Denmark, Sweden, Finland could add 12.8 GW of solar by 2030

The Nordic region is set to become a European renewables powerhouse, according to Rystad Energy. It says Finland, Sweden and Denmark could collectively install up to 12.8 GW of new solar by 2030.

Denmark, Sweden, and Finland could add a total of 12.8 GW of PV by 2030, according to a new study by Norwegian research company Rystad Energy. The Nordic region is set to become a renewables powerhouse in Europe, with onshore wind accounting for most of the growth at 61.5 GW.

Denmark is expected to lead solar development in the region. Rystad Energy predicts that the country will add 9 GW of PV by 2030, followed by Sweden with 3 GW, and Finland with 0.8 GW. By 2030, Sweden aims to source 65% of its power generation capacity from renewables. Finland has set its target at 51% and Denmark at 55%.

“The Nordics at present produce over 90% of their power (including nuclear) via renewables and are significant electricity exporters to the rest of Europe,” said Francesca Bjørnflaten, senior analyst at Rystad Energy. “That trend will intensify as geography, technology and managerial experience in the region will see renewable investment and generation increase.”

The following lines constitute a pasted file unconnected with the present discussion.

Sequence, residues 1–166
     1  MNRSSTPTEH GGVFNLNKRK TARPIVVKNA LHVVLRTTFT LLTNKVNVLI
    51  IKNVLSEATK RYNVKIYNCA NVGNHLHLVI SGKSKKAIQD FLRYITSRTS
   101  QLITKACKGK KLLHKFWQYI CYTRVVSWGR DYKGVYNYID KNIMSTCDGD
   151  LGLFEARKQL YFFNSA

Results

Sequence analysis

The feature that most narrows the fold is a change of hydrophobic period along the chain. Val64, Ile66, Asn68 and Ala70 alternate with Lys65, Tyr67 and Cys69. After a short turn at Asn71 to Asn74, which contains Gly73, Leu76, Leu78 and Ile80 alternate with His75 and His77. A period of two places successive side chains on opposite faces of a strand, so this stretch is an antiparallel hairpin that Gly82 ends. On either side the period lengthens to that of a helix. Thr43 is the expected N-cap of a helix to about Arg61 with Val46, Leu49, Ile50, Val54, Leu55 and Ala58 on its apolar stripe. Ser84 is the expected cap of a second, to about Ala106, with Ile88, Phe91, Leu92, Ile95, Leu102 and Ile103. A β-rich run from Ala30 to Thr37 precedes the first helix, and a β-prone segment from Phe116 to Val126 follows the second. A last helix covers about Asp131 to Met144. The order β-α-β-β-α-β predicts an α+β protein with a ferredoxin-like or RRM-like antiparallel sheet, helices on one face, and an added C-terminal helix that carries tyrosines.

Green hydrogen projects are also poised for substantial growth in the region. Denmark, Sweden and Finland have announced almost 40 separate hydrogen projects, with operations scheduled to start in 2030 or earlier.

“The combined share of electrolyzer capacity for green hydrogen production in the three countries will comprise about 18% of the European market by 2030,” said the report.

Denmark will also lead the uptake of green hydrogen, accounting for 12% of the European market by 2030. Sweden will follow with a 5% share, as it is looking to use green hydrogen to decarbonize its steel industry.

According to the latest statistics, Denmark had an installed PV capacity of more than 2 GW by the end of 2021, while Sweden and Finland stood at 1.59 GW and 395 MW, respectively.

This post appeared first on PV Magazine.

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